Motocross. Supercross. Enduro races. Timed trials.
Isn't dirt bike riding, dirt bike riding?
Football fans know the difference between the NFL, CFL, USFL and Arena football. So, if you know who Ricky Carmichael, James Stewart and Ryan Villopoto are then you probably know the differences between the different styles of dirt bike racing. But if you're new to the scene, all these different styles and "leagues" if you will, just like in football, can be a little confusing.
Motocross vs. Supercross
Motocross and Supercross represent the biggest and most popular of all the racing events. Similarities exist but the two are quite different. Both racing series invite the top professional athletes in racing. Both series feature jumps, insane tight turns and a whole lot of dirt. The difference lies in how each course is created.
We'll start with Monster Energy Supercross since that series starts the professional racing season every year in January. Supercross takes place on a man-made course in an arena or stadium. Riders tackle high jumps, whoops, and lots of curves and turns. There is one 20-lap race to determine the winner. The Supercross series consists of 17 races, is based on a points system and the rider with the most points at the end of the season wins the Supercross championship.
The Lucas Oil Pro Motocross series can be seen as the second half of the racing season. Riders get about a month break at the conclusion of the Supercross season before the 12-race Motocross series starts in May. All riders begin with zero points as the Supercross champ has been crowned. Motocross takes place outside the confines of a stadium on a man-made course built into naturally occurring terrain with some complex obstacles thrown in like high jumps. Riders compete in two races, or motos, with the outcome of both determining the overall winner. So, a rider who places second in both motos can be the overall winner and take first-place on the podium. Each moto is 30 minutes plus two laps and the winner is whoever crosses the finish line first after the checkered flag is waved.
Arenacross is similar to Supercross but usually takes place in smaller arenas and is considered a stepping stone to the Supercross series. In fact, the AMSOIL Arenacross series is the biggest and most popular of all arenacross events and features Ricky Carmichael's "Road to Supercross." Riders wishing to compete in Supercross must first pass through the AMSOIL Arenacross series. There are many other smaller arenacross series that take place throughout the country.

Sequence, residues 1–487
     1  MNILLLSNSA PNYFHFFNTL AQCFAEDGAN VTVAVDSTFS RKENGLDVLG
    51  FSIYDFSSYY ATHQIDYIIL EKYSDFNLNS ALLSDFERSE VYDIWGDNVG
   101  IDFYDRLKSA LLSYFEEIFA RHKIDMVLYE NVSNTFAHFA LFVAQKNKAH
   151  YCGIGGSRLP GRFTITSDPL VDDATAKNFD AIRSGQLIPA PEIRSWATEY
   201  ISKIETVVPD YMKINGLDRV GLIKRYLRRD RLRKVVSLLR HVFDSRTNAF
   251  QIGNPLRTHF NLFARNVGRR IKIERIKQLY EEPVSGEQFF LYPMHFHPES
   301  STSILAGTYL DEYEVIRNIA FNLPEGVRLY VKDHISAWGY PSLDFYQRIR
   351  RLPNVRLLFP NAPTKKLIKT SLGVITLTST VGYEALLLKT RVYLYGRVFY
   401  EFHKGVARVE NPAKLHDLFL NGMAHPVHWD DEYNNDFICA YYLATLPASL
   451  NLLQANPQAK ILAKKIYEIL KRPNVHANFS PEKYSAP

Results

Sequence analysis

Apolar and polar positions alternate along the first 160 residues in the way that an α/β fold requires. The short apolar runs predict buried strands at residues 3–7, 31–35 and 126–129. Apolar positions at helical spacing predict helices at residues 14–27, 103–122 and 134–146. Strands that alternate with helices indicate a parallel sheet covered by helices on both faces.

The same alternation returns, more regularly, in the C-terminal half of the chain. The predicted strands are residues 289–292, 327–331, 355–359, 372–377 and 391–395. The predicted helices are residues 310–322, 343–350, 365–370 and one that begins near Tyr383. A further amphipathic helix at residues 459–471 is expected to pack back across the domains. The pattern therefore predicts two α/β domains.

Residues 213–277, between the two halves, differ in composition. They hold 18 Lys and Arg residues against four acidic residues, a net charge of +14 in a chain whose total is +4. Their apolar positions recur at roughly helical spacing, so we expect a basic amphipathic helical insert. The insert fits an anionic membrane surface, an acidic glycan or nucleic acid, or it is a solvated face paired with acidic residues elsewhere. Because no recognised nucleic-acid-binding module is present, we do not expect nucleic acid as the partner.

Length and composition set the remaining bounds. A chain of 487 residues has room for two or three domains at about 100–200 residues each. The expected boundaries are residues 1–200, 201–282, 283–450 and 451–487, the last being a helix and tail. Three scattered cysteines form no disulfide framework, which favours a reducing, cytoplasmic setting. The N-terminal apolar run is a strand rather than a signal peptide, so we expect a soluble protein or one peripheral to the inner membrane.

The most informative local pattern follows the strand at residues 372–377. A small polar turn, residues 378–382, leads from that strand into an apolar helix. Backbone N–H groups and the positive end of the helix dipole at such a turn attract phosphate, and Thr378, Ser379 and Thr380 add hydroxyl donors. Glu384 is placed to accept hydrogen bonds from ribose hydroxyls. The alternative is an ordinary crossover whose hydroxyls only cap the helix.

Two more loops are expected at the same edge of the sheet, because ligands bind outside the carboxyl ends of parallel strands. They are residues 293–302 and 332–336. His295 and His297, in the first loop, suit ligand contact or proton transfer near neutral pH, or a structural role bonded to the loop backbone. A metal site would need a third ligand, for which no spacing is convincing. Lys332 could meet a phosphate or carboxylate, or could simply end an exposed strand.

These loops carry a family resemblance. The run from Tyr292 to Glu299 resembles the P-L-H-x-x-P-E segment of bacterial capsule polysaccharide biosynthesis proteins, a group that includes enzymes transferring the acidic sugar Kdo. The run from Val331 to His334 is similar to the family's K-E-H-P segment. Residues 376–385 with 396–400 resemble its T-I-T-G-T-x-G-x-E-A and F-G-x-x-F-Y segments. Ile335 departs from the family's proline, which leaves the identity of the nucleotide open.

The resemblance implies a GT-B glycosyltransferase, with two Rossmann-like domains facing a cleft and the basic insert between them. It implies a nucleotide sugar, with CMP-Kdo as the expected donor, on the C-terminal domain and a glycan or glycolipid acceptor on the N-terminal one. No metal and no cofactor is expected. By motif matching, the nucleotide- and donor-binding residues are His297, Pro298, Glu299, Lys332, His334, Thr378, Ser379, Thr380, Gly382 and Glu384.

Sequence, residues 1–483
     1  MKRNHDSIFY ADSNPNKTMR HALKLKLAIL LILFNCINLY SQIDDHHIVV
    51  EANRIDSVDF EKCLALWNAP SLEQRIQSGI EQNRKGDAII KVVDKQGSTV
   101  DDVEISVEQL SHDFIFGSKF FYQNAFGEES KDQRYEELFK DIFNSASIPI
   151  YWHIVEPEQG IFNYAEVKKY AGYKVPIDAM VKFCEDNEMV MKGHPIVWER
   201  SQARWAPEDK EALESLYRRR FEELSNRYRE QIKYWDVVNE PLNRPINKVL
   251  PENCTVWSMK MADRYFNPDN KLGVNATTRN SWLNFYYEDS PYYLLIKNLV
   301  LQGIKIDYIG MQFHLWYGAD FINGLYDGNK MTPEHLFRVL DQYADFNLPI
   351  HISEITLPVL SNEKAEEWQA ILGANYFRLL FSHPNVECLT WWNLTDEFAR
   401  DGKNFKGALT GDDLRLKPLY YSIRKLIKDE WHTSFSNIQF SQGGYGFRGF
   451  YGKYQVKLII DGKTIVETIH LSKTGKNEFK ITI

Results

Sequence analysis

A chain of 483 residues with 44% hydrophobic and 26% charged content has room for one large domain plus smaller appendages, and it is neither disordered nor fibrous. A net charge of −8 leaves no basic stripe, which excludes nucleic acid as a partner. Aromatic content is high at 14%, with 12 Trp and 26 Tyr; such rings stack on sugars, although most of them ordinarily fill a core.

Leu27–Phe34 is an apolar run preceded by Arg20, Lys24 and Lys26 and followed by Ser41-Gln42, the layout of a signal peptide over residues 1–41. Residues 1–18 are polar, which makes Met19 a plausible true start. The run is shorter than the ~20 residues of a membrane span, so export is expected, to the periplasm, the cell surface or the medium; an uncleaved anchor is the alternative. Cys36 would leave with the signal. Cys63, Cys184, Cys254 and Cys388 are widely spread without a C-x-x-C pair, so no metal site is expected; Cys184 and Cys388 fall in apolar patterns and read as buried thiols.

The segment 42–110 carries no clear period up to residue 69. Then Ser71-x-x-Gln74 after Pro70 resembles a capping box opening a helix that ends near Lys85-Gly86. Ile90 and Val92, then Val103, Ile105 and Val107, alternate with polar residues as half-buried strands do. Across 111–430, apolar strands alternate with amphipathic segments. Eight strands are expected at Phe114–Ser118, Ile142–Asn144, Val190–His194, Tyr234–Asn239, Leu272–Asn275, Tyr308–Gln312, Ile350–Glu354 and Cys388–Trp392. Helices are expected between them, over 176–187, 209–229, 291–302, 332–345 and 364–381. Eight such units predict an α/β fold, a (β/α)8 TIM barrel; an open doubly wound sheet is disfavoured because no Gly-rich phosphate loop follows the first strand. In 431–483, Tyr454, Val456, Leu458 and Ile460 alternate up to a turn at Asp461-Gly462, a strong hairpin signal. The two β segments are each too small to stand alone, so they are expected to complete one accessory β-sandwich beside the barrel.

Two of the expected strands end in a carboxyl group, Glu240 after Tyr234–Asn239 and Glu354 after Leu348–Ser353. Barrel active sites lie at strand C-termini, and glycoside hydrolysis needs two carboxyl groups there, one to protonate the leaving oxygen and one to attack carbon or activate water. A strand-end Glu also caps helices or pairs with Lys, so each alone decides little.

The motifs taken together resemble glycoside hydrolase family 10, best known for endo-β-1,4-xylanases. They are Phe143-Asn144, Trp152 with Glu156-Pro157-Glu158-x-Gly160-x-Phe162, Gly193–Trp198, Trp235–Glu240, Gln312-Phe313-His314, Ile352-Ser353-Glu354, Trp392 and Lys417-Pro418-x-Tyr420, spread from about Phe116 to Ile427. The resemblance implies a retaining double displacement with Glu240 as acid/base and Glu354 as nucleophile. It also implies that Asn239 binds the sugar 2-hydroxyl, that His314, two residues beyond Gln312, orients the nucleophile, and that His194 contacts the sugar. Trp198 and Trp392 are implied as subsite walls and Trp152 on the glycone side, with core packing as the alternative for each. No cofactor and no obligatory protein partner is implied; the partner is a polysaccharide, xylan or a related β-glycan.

Both Motocross and Supercross have races using 450cc and 250cc bikes. The 450 class is considered the highest level of racing. However, in Supercross, riders in the 250 class compete in either an Eastern Region or Western Region series. Race dates scheduled, for example, on the West Coast, makes up the Western Region standings and likewise with East Coast dates.
Enduro is an endurance test (hence the name enduro) between the rider and the terrain. Enduro racing is physically and mentally demanding as the rider endures low-hanging tree branches, fallen logs, rocky upgrades, splashing through streams and riding up and down hill on gravel, dirt, sand and even mud for long distances.
The most popular enduro racing in the United States is the Grand National Cross Country (GNCC) series. Each race is three hours long and riders follow a predetermined path through the woods, forest, across creeks and whatever terrain makes up that part of the country (usually East Coast). Riders can experience sand, mud and hard soil all in the same race. Some enduro races go on for days and whether you ride in the GNCC or other enduro challenges you need to bring along extra equipment and a whole lot of gas to keep running and stay in the race.
GNCC Enduro bikes are all 450cc but typically have different suspension and larger gas tanks, among other differences from dirt bikes equipped for Supercross or Motocross. Riders eventually lap around back to the pits and can fill up, get new tires or address any mechanical issues if needed.
Trials or "Observed Trials" is in a league all its own. Trials eschew racing altogether and instead offer a test, or a trial, between rider and machine over difficult terrain. Riders are judged for their ability to best boulders, fallen tree trunks and other obstacles without touching their feet to the ground. The goal is to accumulate as little points as possible. If a rider touches the ground with their feet for support or "dabbing" they get one to three points. Riders also get points for dismounting, going out of bounds and rolling backwards among other infractions.
Trials take place in a predetermined section with boundaries and riders can take as long as they need to finish. Trials use smaller bikes with engines designed for torque rather than the power needed to race. Trials bikes also have no seat. For additional information on Trials, see our profile on the Sacramento PITS.
If you're just getting into the sport, now you know the basics to help you follow what everyone else is talking about when you visit the track or ride the trails. Next, you need to learn some of the sport's verbiage. See 25 Most Common Dirt Bike Terms You'll Hear At The Track.